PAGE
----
Twenty-third Sunday in Ordinary Time
September 10, 2023 — Year A
Readings: Ez 33:7-9 / Ps 95 / Rom 13:8-10 / Mt 18:15-20
by Rev. Nixon Negparanon, Pastor
Sometimes in the Bible we come across certain passages that are as relevant and practical in our lives today as they were a thousand years ago when they were first written. Today’s readings are good examples of such passages. Together they remind us that, as faithful Christians, it is our responsibility to reach out to our not-so-faithful brothers and sisters and bring them back into the fold. They even go on to recommend practical steps for how to go about doing this.
A young woman, Lydia, strayed from the church as a teenager. After nine years of experimenting with atheism, spiritism, and New Age, she found her way back again to the Church, by the grace of God. Relating her story, Lydia said that what hurt her most was that, in all her years of spiritual exile, nobody in the Church missed her. Nobody ever phoned or visited to find out what was wrong. “I got the impression that the Church did not want me,” she said.
Of course, the Church wants her, but what are we doing to help the many men and women in her situation to find their way back into full communion with the Church? Today’s readings invite us to review our “I don’t care” attitude toward fallen and lapsed members of the Church, reminding us that, yes, it should be our business to reach out to them.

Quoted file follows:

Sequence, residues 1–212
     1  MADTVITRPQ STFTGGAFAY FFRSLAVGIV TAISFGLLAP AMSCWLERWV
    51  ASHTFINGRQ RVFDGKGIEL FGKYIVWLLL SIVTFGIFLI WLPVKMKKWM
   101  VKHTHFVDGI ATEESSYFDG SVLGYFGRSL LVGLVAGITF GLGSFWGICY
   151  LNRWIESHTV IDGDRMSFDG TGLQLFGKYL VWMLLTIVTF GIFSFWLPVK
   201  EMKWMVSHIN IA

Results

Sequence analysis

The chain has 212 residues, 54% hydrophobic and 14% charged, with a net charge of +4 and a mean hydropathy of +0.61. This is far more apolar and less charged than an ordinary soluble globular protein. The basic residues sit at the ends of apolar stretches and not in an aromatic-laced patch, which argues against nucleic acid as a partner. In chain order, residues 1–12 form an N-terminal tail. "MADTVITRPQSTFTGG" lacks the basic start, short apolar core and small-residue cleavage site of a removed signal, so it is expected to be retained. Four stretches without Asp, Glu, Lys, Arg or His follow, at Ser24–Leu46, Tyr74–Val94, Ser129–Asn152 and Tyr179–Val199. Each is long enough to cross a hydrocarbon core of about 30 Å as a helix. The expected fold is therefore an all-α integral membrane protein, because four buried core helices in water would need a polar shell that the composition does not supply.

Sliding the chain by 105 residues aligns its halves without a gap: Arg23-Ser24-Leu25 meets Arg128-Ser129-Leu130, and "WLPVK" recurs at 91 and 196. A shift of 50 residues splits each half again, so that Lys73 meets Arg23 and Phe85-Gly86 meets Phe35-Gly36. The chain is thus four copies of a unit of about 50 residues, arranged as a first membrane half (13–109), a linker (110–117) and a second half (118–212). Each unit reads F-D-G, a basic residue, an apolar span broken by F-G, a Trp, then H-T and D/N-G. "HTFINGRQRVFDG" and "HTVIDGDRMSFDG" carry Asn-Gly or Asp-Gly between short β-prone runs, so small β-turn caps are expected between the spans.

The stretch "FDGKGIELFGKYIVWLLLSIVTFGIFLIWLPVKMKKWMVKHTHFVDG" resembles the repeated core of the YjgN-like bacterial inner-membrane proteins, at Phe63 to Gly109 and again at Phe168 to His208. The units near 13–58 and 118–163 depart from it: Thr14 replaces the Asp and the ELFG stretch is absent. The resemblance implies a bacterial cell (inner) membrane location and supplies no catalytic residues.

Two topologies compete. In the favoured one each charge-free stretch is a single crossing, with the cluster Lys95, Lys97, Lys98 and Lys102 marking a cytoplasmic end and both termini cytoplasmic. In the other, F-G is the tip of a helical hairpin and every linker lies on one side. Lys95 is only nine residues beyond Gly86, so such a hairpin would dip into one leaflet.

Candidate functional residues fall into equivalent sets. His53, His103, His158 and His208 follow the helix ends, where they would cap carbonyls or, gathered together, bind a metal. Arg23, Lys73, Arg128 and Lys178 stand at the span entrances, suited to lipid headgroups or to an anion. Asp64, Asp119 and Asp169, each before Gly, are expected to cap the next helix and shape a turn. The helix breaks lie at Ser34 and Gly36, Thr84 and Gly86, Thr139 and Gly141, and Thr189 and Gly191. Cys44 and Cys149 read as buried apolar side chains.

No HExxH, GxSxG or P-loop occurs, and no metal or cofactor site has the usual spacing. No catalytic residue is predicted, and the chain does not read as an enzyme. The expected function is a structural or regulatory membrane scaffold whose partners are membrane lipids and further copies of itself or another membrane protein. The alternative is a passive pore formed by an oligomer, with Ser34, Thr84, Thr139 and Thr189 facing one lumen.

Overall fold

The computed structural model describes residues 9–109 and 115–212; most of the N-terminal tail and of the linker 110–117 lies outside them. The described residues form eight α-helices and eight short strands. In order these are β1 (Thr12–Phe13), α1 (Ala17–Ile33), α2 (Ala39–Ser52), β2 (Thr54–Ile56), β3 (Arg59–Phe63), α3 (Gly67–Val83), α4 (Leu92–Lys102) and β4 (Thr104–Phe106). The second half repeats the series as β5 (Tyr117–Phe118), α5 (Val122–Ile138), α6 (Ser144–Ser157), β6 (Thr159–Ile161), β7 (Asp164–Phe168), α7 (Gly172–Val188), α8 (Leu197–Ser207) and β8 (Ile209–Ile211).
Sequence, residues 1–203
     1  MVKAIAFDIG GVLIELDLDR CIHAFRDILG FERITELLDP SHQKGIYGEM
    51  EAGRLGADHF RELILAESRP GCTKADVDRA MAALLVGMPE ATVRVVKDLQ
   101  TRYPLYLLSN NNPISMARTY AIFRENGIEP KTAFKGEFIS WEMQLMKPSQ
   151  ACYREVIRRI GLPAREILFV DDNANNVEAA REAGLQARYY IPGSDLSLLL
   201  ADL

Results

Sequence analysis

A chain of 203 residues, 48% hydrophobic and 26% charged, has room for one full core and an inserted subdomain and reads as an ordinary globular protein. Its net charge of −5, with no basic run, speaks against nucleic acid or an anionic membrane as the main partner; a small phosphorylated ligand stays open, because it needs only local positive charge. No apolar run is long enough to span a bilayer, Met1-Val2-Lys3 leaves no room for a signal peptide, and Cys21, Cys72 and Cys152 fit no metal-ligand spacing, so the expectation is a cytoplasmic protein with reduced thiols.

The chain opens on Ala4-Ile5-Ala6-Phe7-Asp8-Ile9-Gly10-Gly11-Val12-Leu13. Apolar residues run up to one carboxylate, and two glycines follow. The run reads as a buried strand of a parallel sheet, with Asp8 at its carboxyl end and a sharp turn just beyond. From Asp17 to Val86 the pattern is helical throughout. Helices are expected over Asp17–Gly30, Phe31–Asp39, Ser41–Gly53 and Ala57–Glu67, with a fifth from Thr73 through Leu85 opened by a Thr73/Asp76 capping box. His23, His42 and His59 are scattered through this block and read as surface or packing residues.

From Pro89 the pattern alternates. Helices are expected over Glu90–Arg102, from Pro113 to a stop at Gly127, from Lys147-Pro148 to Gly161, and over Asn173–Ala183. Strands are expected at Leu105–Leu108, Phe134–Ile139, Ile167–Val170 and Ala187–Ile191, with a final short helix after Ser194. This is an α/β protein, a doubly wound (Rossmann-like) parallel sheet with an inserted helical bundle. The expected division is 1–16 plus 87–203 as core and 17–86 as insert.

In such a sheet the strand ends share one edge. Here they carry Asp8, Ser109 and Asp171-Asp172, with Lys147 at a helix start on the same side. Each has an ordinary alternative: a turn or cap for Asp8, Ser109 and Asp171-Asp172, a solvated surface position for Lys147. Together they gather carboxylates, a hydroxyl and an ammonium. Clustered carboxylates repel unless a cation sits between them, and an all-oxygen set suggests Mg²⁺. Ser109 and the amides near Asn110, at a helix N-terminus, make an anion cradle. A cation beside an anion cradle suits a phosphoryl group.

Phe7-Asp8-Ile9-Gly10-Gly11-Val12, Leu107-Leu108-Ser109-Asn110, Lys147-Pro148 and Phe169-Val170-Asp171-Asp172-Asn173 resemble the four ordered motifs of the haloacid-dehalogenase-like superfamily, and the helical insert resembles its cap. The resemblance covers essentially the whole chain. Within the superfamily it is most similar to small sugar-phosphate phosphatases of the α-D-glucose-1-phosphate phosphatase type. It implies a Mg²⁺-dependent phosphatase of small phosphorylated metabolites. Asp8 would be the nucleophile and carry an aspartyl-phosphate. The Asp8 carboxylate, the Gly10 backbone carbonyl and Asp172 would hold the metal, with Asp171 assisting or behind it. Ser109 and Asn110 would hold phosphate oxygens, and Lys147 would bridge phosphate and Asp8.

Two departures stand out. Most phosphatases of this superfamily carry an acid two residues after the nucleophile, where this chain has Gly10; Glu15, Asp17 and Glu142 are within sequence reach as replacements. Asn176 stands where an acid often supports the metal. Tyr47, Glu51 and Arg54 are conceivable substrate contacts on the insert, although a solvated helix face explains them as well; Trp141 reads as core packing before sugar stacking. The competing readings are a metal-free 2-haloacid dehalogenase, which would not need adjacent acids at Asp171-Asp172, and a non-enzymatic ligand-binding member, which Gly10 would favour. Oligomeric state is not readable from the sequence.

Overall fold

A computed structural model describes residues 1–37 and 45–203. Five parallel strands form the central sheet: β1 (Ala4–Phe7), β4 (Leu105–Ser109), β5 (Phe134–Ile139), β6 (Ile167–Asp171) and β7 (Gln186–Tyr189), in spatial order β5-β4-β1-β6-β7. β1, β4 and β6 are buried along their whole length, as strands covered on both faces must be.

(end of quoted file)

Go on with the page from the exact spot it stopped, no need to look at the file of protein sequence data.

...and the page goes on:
Why should it be our business whether somebody else decides to serve God or not? As members of the Church, we are not just priestly people who offer a sacrifice. We are also a prophetic people, meaning that we are God’s spokespersons.
Today’s first reading is, in fact, a compact job description that God gave to the prophet Ezekiel on what it means to be a prophetic person. The first reading is a passage in the new phase of the prophetic ministry of Ezekiel, and it occurs in the context of an invasion of Palestine by a hostile army. Just as a watchman who warns the people of impending danger is not to be blamed if they do not listen, so Ezekiel is not to be blamed if the people to whom he preaches do not reform their lives. But if he fails to preach to them, then he must accept the blame.
St. Paul, in the second reading, reminds everyone that love is the key to obeying each of the commandments. Real love is love that looks out for the interest of other people. For a person who really loves, other people come first. In the passage from Matthew, Jesus gives an instruction in how to handle a refractory disciple. The instruction describes a formal procedure in three steps:
Step One: private confrontation. If there is no success, then the next step is recommended.
Step Two: the use of one or two additional formal witnesses. Failure here leads to a final step.
Step Three: Resort to the community, such as the local church. If there is no success here, the disciple is to be placed outside the communion of believers, as we say ‘excommunicated’.
Members of the Church who view church membership as being the same as citizenship in a civil government should think twice after hearing today’s reading. In a civil society, objection about fundamental policy is not only at times permitted; disagreement is at times required in order to be loyal to God.